The Center for Internet and Society at Stanford Law School is a leader in the study of the law and policy around the Internet and other emerging technologies.
Copyright and Fair Use
A healthy copyright system must balance the need to provide strong economic incentives through exclusive rights with the need to protect important public interests like free speech and expression. Fair use is foundational to that balance. It's role is to prevent copyright from stifling the creativity it is supposed to foster, and from imposing other burdens that would inhibit rather than promote the creation and spread of knowledge and learning.
The Fair Use Project (FUP) was founded in 2006 to provide legal support to a range of projects designed to clarify, and extend, the boundaries of fair use in order to enhance creative freedom and protect important public rights. It is the only organization in the country dedicated specifically to providing free and comprehensive legal representation to authors, filmmakers, artists, musicians and other content creators who face unmerited copyright claims, or other improper restrictions on their expressive interests. The FUP has litigated important cases across the country, and in the Supreme Court of the United States, and worked with scores of filmmakers and other content creators to secure the unimpeded release of their work.
Please join us as we gather to remember Aaron Swartz on the evening of Thursday, January 24th.Reception at 7:00pm - Memorial at 8:00pmat the Internet Archive300 Funston Avenue, San Francisco 94118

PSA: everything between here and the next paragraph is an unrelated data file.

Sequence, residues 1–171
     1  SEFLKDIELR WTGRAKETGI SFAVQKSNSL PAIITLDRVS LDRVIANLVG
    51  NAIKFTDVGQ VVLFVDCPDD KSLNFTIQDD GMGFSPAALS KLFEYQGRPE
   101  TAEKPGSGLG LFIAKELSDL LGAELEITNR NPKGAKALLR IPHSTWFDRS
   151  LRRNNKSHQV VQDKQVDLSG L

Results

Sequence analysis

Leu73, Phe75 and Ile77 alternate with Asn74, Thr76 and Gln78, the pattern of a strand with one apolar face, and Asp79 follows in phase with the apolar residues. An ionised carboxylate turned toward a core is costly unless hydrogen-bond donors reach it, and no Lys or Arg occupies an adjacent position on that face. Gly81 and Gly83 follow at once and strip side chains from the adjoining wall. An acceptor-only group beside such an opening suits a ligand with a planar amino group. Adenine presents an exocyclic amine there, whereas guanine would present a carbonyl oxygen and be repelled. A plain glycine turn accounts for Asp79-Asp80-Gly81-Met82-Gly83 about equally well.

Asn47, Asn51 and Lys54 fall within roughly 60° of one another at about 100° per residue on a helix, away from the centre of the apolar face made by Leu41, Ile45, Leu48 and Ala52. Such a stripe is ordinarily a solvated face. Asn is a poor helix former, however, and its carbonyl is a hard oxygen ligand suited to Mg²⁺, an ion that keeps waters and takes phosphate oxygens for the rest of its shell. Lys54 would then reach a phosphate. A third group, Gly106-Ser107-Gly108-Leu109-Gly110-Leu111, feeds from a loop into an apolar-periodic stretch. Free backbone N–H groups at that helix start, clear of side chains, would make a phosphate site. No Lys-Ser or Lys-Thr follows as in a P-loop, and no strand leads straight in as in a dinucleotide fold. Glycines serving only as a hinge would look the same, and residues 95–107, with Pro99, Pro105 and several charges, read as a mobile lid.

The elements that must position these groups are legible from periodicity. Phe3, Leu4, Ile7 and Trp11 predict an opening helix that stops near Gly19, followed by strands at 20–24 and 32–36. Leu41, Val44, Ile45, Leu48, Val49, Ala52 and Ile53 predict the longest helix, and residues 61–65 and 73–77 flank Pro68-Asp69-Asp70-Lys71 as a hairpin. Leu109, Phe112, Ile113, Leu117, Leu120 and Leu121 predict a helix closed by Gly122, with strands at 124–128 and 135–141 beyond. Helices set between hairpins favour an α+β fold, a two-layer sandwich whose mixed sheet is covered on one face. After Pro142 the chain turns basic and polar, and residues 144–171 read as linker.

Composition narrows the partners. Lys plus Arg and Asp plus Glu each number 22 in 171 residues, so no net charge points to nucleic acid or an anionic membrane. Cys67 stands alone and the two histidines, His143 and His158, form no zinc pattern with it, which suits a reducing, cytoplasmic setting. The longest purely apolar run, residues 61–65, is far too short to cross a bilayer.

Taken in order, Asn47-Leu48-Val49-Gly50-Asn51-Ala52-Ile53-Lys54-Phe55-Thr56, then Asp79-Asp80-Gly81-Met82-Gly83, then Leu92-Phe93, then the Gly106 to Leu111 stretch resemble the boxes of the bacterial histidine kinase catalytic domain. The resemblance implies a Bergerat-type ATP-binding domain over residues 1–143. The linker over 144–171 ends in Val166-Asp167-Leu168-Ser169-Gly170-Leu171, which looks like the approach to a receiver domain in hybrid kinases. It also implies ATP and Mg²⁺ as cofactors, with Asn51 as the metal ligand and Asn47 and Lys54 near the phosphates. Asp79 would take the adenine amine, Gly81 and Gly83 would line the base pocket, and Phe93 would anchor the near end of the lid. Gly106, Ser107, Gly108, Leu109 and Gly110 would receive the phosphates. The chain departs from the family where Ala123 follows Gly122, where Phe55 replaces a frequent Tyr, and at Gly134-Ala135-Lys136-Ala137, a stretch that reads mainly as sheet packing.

Four Factors In Search Of a Question: Anchoring Fair Use to Free Expression and Social Value Read more about Four Factors In Search Of a Question: Anchoring Fair Use to Free Expression and Social Value
During late 2011 and January 2012, millions of people protested the passage of the controversial copyright bill the Stop Online Piracy Act (SOPA) in Congress. The protests culminated in the largest online protest in the history of the Internet, with web giant Wikipedia and thousands of other websites going black in a day of self-censorship. In a few short months, the protesters achieved something remarkable: they defeated money, politicians, Hollywood, and the copyright lobby, all in the name of a “free and open Internet.” This talk with Professor Edward Lee, explains these grassroots movements as a form of popular constitutionalism. Courts didn't define speech rights. People did. And, in the end, it was the people's view of free speech that carried the day. Read more about CIS Speaker Series - Stopping SOPA: Copyright, Free Speech, and Popular Constitutionalism